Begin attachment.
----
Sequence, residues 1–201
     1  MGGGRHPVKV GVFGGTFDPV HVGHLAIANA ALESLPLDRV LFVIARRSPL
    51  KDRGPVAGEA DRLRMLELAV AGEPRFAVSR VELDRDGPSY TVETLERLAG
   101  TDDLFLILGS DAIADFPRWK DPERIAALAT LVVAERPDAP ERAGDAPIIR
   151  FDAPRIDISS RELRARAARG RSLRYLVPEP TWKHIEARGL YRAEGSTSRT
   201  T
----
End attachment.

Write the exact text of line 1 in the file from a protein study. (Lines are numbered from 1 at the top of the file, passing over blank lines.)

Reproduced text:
Sequence, residues 1–201